Symphony 18 seems the most experimental, partly because of the unusual scoring, oboes being exchanged for creamier flutes and 4 horns required instead of 2. As in Symphony 17 thereís the Scotch snap dotted rhythm opening but here more lightly applied, to friskier effect, especially in the second theme (tr. 11 0:47) with the second violins echoing the firsts. In this slow movement Mozart asks for muted violins and Fischer provides a very soft, demure effect, quite a contrast to the open air quality of the flutes. The Minuet would be orthodox except for a fretting viola line of continuous quavers. Fischerís use of solo instruments in the Trio suits it well, giving a folksy slant to the first violin melody. The finale upstages the first movement in its sense of purpose and profusion of themes. Notable are the second (tr. 14 0:27), coy and brazen by turns and third (0:55), more wistful and at first sinuous before Mozart starts a game of using pauses as an expressive effect. Fischer omits the second half repeats in the first, second and final movements: this could be a very long symphony.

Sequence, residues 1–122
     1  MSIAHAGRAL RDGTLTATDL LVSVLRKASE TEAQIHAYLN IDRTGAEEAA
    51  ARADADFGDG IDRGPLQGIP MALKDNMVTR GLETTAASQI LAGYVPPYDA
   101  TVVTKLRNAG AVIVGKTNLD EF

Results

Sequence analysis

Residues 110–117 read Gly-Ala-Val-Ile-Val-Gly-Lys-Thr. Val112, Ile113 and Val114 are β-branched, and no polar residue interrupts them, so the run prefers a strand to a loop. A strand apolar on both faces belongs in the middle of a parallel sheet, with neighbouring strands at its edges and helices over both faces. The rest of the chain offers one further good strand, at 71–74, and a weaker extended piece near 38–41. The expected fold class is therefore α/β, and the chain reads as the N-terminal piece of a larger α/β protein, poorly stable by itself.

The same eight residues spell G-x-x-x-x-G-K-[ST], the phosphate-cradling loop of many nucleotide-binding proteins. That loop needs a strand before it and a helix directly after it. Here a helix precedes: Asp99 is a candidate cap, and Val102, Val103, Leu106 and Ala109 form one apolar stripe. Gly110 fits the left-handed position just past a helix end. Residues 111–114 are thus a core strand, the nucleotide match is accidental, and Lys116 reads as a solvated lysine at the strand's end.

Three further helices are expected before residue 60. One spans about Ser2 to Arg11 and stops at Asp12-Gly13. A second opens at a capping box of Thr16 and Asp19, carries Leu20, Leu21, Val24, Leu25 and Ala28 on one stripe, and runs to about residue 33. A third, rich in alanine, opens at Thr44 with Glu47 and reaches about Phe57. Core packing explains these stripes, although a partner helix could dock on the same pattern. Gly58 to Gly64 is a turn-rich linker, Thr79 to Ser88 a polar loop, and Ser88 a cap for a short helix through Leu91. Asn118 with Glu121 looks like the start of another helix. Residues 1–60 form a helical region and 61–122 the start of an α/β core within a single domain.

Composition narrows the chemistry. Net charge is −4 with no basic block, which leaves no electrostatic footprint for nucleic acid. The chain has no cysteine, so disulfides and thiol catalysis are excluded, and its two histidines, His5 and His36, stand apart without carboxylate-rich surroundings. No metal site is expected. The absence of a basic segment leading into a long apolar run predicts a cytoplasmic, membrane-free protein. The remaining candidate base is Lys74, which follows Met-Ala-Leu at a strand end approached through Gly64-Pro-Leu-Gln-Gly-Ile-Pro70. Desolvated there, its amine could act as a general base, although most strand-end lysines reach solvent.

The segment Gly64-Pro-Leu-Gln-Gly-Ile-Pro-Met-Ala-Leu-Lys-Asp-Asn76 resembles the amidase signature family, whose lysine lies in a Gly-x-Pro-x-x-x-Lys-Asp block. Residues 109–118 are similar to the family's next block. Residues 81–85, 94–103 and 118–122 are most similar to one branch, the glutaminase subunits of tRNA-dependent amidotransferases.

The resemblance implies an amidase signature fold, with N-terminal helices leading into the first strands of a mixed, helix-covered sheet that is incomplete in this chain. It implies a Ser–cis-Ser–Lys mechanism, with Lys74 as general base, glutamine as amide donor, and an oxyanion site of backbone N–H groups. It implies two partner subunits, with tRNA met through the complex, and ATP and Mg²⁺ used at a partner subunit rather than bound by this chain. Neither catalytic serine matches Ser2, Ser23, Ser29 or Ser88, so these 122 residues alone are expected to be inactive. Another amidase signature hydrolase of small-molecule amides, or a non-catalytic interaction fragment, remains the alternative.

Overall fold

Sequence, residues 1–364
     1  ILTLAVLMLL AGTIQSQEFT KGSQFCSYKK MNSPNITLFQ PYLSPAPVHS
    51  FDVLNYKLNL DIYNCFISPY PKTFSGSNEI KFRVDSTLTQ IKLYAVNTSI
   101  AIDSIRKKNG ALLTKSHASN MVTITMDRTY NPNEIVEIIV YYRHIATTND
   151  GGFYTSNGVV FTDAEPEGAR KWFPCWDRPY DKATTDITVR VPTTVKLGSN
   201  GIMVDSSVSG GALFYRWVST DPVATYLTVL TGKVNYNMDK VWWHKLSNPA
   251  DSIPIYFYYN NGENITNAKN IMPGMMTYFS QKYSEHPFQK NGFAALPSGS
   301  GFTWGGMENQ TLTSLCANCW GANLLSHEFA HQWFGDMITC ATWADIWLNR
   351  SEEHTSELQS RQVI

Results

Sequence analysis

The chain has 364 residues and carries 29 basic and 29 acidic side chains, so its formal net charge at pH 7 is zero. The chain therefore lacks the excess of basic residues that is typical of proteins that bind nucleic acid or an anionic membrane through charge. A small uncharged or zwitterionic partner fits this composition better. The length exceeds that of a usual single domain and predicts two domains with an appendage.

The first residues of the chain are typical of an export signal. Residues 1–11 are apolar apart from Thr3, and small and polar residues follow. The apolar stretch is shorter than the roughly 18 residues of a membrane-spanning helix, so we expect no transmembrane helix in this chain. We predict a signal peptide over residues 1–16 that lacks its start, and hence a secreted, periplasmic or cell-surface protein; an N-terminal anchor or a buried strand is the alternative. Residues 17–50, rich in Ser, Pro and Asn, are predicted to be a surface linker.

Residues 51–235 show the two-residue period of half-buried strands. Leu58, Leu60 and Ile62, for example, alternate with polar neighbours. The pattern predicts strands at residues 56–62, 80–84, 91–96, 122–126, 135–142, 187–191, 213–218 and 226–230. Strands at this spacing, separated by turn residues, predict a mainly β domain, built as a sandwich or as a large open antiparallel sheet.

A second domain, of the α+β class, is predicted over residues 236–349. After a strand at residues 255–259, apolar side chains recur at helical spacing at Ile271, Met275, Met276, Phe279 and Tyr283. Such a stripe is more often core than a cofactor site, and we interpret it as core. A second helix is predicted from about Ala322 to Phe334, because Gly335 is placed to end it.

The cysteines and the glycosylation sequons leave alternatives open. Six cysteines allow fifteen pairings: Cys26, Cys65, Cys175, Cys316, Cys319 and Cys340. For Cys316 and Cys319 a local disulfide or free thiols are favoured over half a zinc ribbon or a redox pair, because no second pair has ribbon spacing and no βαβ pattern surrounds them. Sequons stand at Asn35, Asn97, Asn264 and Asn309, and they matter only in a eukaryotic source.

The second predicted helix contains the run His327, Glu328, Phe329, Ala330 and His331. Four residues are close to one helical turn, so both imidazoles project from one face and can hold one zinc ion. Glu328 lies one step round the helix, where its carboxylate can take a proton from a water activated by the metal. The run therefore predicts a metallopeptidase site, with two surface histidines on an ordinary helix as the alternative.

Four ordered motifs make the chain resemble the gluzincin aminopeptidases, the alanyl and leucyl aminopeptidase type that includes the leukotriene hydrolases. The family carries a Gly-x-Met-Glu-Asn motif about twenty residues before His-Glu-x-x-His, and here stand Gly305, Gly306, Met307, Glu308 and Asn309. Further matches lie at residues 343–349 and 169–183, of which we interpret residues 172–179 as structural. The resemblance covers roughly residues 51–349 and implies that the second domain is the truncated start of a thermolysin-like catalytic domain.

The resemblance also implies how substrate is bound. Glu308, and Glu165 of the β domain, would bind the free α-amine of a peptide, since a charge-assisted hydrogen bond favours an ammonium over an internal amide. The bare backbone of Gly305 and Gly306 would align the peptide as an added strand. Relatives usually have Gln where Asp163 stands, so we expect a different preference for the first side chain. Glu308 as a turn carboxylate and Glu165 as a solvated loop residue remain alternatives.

I compared the 1973 recording by the Academy of St Martin in the Fields/Neville Marriner (Pentatone PTC 5186 112) which appears on 4 channel SACD from its original quadraphonic master. Here are the comparative timings:
 
Timings
I
II
III
IV
Total
Fischer
5:08
4:15
2:13
6:23
17:59
Marriner
5:44
4:49
2:28 (2:55)
7:37
20:38 (21:05)

Marriner is consistently more easygoing. In the first movement his second theme is more sparkling but his development more square than Fischer who shows more humour and grace. Marrinerís slow movement is more sedate, Fischerís more tender and with clearer contrast of the strings only and flute dominated textures. Marrinerís Minuet is more disturbed by the violasí shadows, his Trio more formal yet still reflective. Marriner doesnít make the repeats in the da capo so the bracketed timings above show the exact comparison. The breadth of Marrinerís finale makes for a firmer structure which lacks Fischerís ťlan, finesse and attention to pauses. Marriner gives us a sweeping parade of themes whereas Fischer differentiates them more.
 
To sum up, Fischer provides excellent performances, full of character and intelligent variation of tone and dynamic. In addition to Fischerís notes there are informative ones by Claus Johansen on the cultural milieu of 1772 and conventions of orchestration with particular focus on the oboe. This disc is unusual in that itís a two-layer SACD hybrid, so you get CD and higher definition SACD stereo which gives clarity to the comfortable forward placement and glowing ambience of the recording. But thereís no multi-channel, surround sound version as there is for the recordings Iíve used for comparison. In that respect those offer the more vivid listening experience.
 
Michael Greenhalgh